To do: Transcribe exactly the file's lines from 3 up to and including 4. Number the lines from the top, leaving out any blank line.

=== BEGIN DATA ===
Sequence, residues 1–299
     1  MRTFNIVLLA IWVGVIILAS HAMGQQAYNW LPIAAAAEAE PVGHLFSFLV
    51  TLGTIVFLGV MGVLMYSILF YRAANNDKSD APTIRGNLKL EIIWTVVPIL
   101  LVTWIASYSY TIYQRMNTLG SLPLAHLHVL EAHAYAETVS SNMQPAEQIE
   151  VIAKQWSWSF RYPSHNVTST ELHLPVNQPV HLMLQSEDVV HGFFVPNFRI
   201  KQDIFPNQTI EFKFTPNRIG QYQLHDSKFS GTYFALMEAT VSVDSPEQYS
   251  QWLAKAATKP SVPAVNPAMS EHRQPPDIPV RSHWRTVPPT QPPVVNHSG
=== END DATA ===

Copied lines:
    51  TLGTIVFLGV MGVLMYSILF YRAANNDKSD APTIRGNLKL EIIWTVVPIL
   101  LVTWIASYSY TIYQRMNTLG SLPLAHLHVL EAHAYAETVS SNMQPAEQIE